AOL, Broadcom, Gateway, and Transmeta to develop Internet appliance
IRVINE, Calif. -- America Online, Broadcom, Gateway, and Transmeta on Friday will announce an alliance to jointly develop and market an Internet appliance that will enable the movement of streaming audio and video content between music players, TVs, PCs, and cable modems. The capability will use standard phone lines.
The Internet appliance, to be made by Gateway Inc., will be based on an x86-based processor from Transmeta Corp. and home-networking chips from Broadcom Corp. More details are expected on Tuesday.
In a separate announcement made today by Broadcom and Gateway, the two companies said they also plan to deliver new products and services for voice over Internet Protocol (VoIP) in home and office telephony applications. The strategic partnership aims to speed up the availability of local and long-distance voice services over the Internet, said Broadcom and Gateway.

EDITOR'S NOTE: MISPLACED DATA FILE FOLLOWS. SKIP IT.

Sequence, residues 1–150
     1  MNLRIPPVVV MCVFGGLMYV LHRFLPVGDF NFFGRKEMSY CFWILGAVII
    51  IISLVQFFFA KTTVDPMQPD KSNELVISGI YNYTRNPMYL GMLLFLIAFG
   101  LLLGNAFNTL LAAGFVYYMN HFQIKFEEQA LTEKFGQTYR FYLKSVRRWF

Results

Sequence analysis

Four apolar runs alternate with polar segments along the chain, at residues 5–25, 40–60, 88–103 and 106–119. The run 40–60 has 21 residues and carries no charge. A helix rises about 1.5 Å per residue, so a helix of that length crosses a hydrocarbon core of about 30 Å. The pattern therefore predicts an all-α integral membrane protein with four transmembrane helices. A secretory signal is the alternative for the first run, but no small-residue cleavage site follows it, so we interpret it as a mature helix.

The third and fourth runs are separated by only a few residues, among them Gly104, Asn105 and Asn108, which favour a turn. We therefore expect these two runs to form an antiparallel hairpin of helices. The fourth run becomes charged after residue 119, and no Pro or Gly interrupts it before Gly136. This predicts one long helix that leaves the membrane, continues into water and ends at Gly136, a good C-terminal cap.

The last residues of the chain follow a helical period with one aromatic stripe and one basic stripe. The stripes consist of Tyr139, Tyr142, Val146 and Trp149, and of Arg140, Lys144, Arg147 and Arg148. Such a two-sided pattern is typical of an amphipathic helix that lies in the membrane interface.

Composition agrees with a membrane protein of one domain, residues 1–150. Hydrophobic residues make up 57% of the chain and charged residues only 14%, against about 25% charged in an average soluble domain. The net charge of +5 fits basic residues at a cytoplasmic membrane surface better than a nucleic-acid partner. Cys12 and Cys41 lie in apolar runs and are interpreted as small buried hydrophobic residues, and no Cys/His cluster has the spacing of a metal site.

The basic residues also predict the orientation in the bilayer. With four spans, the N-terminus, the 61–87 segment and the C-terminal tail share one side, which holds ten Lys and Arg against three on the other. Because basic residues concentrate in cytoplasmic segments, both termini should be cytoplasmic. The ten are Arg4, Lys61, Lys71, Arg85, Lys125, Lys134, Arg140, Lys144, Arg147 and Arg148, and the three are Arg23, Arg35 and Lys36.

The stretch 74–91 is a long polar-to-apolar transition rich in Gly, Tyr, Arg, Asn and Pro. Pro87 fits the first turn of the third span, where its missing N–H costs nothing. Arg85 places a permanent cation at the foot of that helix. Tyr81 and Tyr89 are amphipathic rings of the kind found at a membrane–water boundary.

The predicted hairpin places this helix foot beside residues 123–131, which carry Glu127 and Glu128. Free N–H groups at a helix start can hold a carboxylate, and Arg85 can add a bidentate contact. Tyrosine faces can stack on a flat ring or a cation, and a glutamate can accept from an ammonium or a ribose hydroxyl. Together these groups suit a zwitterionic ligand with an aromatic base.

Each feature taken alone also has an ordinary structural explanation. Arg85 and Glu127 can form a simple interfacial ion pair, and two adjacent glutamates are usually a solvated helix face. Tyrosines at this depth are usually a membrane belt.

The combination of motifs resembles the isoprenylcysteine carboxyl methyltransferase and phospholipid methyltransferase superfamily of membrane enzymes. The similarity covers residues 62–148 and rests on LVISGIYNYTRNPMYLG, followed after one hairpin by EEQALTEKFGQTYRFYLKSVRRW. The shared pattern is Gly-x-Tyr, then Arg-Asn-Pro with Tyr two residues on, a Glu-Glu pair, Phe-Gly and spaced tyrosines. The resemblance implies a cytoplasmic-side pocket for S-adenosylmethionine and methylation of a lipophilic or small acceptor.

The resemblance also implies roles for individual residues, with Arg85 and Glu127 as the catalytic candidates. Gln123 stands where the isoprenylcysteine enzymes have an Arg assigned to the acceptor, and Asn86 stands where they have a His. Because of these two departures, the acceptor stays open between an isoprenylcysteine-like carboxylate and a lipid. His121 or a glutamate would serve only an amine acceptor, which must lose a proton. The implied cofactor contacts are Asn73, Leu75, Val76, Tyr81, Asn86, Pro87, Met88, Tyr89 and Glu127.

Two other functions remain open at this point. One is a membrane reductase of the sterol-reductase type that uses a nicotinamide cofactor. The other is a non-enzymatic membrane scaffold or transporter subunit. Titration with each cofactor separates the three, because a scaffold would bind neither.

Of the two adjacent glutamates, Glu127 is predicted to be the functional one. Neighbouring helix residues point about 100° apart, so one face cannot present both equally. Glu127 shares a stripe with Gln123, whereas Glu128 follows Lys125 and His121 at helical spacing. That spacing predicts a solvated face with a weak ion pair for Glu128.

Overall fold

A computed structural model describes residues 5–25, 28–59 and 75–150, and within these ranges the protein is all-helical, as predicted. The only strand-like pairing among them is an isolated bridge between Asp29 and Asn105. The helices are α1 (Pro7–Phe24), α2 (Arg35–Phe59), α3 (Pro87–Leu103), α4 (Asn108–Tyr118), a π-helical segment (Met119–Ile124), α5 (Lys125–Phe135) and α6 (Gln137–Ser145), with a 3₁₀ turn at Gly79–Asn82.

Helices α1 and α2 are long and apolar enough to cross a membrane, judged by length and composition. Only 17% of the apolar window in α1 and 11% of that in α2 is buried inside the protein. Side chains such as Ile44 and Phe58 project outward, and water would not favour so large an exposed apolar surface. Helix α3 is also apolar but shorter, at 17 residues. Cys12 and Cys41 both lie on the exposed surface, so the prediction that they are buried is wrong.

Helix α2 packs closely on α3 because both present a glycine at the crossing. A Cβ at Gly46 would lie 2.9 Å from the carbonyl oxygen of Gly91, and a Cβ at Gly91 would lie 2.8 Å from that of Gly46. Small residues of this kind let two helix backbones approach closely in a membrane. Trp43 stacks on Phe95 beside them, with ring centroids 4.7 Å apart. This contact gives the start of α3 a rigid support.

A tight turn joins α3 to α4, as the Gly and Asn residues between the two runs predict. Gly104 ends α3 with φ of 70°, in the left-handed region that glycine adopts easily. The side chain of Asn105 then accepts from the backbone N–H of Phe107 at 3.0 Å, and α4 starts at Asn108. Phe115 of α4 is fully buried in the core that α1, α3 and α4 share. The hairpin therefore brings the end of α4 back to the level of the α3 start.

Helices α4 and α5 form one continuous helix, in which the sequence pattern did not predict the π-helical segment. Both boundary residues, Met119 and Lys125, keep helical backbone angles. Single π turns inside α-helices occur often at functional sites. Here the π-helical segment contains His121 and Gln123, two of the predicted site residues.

"Our partnership with Gateway is a major step forward in transforming the PC from a 'computing island' to a connected multimedia appliance," said Henry T. Nicholas III, president and CEO of Broadcom. "This isn't about simply sharing data or Web access. It's about sharing music, video, and telephone calls with all existing household phones, TVs and stereos."
According to the two companies, the first step in the alliance involves Gateway's use of Broadcom's BCM4211 chip set for 10-megabit home networking. The networking capability is being made available for free to PC customers in Gateway's "Select and Performance" desktop computers. The capability give PC customers the ability to share Internet access, printers and other peripherals by plugging a HomePNA 2.0-equipped Gateway system into standard phone lines.